Doctors at Cayman’s existing mental health facility at the Cayman Islands Hospital are finding themselves under increasing strain, operating at their full capacity of eight beds.
Currently, patients requiring long-term care have to go abroad for treatment, which can be destabilising for people who need their family and support networks around to help in the recovery process.
Today (10 October,) on World Mental Health Day, the Health Minister, Hon. Dwayne Seymour addressed this issue among others.
“This is a very special project, I’m very connected to it,” Mr. Seymour told Cayman 27, explaining his father was treated for mental health issues in Jamaica. He said he was personally committed to building Cayman’s own long-term treatment facility.
He said the government has ring-fenced a budget of approximately $12-$16 million for the facility.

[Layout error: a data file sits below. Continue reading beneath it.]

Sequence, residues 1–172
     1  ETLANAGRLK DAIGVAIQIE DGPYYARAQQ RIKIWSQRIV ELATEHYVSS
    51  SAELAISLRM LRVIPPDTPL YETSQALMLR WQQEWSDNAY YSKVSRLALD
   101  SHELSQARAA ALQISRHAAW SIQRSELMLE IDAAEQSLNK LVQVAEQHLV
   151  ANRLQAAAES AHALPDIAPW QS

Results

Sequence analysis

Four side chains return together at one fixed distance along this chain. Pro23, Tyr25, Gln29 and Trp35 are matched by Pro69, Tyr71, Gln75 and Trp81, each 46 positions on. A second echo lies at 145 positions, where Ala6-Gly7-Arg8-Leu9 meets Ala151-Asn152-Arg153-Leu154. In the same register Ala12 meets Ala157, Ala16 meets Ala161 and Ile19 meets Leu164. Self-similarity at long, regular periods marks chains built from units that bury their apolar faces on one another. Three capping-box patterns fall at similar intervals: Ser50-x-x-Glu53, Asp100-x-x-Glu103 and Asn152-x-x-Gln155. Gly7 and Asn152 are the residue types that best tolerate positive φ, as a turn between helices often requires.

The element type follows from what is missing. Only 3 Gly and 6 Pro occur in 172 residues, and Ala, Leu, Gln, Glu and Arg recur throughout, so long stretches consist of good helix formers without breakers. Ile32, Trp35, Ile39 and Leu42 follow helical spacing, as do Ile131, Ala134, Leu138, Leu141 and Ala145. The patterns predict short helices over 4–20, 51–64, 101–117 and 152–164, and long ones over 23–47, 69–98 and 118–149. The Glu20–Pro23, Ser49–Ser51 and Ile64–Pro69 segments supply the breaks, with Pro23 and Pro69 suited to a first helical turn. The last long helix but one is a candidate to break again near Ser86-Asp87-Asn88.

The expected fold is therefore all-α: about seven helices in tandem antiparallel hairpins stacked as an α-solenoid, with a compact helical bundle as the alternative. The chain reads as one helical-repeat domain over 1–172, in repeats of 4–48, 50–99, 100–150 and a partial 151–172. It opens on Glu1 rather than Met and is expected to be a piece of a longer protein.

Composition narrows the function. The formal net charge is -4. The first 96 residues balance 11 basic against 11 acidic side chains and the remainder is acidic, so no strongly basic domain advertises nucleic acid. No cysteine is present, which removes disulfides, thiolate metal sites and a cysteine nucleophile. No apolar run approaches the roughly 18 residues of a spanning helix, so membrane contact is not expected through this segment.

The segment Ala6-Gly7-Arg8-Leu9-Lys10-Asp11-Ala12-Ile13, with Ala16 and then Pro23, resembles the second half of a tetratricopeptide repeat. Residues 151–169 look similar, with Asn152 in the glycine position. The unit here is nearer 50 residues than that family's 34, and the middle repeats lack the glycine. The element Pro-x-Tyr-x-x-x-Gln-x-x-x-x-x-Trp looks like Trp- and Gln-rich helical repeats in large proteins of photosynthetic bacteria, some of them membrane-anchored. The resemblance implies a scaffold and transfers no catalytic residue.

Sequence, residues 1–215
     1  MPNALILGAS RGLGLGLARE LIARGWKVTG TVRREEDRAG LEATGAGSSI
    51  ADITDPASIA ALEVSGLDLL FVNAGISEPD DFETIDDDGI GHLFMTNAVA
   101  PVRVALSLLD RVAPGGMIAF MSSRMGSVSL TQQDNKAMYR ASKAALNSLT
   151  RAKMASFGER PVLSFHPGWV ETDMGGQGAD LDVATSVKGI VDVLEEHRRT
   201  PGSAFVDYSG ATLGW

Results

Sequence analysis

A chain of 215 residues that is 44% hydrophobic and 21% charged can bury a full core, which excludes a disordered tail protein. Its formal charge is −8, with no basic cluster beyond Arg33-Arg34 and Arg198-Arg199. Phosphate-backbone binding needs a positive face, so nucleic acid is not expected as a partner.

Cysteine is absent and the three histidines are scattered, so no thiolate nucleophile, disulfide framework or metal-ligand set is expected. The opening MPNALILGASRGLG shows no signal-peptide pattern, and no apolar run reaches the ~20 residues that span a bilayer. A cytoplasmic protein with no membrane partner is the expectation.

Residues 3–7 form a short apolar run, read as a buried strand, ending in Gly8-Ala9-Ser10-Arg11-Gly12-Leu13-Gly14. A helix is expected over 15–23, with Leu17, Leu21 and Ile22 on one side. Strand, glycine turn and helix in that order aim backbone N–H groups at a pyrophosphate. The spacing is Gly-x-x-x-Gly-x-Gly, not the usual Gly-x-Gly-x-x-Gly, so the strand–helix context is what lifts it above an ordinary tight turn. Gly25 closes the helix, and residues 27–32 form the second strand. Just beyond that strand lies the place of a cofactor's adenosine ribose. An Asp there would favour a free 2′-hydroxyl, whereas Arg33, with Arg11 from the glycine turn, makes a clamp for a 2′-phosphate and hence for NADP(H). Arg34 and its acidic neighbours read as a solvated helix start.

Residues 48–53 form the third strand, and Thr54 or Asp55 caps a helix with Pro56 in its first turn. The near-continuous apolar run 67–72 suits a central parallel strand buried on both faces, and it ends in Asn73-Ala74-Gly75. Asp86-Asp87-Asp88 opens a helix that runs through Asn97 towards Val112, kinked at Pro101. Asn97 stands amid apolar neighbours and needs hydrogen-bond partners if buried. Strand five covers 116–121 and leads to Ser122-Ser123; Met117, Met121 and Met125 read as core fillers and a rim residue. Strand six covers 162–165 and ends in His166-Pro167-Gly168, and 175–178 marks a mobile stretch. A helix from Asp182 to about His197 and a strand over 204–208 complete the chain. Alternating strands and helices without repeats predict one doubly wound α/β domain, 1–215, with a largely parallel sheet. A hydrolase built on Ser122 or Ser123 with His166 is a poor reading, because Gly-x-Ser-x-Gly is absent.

Mr. Seymour and his team look forward to breaking ground on the project next year; they estimate it will take 12-16 months to complete from this point.
He also talked about the focus of this year’s Mental Health Day: young people and the challenges facing them in a 24/7 digital world: half of mental illness beginning by the age of 14 and suicide has become the second leading cause of death among 15 to 29 year-olds.
Childhood can be a vulnerable time for sufferers, like Matty Sloane.
He described his battle with mental health issues as having started with panic attacks, which he said were dismissed “back in the old days, it was like: it’s just an emotional kid.”
His message on World Mental Health Day for those who may be suffering was: when you’re ready, open up.
“Go and see a doctor,” he advised, adding: “trust me, 100%. The second you start talking to a professional about it, you will already start feeling better. That’s just how it works.”
For the Minister responsible for the mental health brief, this is a matter of both universal and personal concern.
As he talked about his own experience, he said “almost everyone has someone in their family that has a mental health problem.”